This new class of prosthetic devices looks, feels, and functions like natural limbs, but their internal construction includes complex machinery, motors, sensors, and control instrumentation. Therefore, durability is a major concern, especially since users will be more able to engage in rigorous physical activities. The fourth project will rigorously test currently available and newly designed prosthetics to understand the components that fail and the ways to remediate these failures. In addition, devices will be built that can track prosthetic use and thus provide information on the use in terms of both distance traveled and force imparted.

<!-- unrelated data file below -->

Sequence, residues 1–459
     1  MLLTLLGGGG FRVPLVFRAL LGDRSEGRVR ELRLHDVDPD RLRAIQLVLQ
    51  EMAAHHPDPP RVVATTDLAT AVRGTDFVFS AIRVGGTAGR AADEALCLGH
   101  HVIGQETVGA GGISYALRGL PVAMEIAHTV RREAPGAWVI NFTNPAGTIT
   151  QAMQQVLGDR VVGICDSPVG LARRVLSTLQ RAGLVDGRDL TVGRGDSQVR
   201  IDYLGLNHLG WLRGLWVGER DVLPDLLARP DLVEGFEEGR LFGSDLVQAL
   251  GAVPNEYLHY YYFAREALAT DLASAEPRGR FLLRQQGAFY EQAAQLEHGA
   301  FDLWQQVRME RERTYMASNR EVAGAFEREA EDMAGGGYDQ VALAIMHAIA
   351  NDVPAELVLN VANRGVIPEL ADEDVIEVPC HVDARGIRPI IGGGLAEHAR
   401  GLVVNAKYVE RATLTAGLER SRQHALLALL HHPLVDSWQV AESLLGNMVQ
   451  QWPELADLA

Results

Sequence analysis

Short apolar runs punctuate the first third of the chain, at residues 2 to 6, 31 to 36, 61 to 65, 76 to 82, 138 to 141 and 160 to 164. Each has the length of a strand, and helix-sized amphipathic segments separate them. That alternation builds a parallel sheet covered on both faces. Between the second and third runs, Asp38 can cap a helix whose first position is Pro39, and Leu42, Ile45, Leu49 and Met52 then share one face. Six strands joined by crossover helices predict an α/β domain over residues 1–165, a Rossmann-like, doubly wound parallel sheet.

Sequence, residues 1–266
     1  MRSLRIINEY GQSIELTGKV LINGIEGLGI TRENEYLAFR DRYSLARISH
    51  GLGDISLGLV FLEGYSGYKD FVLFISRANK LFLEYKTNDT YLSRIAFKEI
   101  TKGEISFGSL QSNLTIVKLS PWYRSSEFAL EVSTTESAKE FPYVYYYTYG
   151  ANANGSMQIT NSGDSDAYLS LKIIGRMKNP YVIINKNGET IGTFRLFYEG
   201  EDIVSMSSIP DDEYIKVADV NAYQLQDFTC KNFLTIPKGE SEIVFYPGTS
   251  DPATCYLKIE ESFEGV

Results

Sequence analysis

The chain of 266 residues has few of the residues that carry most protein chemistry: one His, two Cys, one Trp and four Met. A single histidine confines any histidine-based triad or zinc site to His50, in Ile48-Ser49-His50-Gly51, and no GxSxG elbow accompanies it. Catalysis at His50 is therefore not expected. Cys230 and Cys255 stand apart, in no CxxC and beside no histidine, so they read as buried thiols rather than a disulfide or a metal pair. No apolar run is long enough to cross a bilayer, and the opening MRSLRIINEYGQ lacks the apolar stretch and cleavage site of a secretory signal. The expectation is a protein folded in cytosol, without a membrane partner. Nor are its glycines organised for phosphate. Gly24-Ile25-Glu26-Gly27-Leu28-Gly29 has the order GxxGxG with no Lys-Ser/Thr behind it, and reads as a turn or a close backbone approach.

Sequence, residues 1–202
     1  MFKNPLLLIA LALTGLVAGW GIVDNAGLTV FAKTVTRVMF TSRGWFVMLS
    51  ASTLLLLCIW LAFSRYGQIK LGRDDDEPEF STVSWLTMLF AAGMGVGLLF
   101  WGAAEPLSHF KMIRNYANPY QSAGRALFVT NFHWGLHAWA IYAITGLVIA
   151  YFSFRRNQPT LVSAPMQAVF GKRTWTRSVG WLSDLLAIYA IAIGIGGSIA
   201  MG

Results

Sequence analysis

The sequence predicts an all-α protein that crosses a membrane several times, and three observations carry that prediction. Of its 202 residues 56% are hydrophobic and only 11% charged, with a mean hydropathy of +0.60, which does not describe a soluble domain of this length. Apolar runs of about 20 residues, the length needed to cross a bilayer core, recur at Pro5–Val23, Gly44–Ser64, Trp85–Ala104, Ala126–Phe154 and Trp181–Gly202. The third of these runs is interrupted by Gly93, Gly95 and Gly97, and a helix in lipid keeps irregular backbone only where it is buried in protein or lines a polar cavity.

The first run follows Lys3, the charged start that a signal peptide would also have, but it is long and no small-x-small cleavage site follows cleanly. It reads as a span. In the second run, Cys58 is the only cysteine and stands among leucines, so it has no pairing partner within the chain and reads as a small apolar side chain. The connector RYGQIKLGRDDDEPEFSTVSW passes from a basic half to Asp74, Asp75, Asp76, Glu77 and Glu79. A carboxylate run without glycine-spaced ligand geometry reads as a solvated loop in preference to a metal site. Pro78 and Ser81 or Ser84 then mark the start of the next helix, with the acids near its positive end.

This work was done by Douglas Weber, Ph.D., of the University of Pittsburgh for the Army Medical Research and Materiel Command. For more information, download the Technical Support Package (free white paper) at www.medicaldesignbriefs.com/briefs. ARL-0101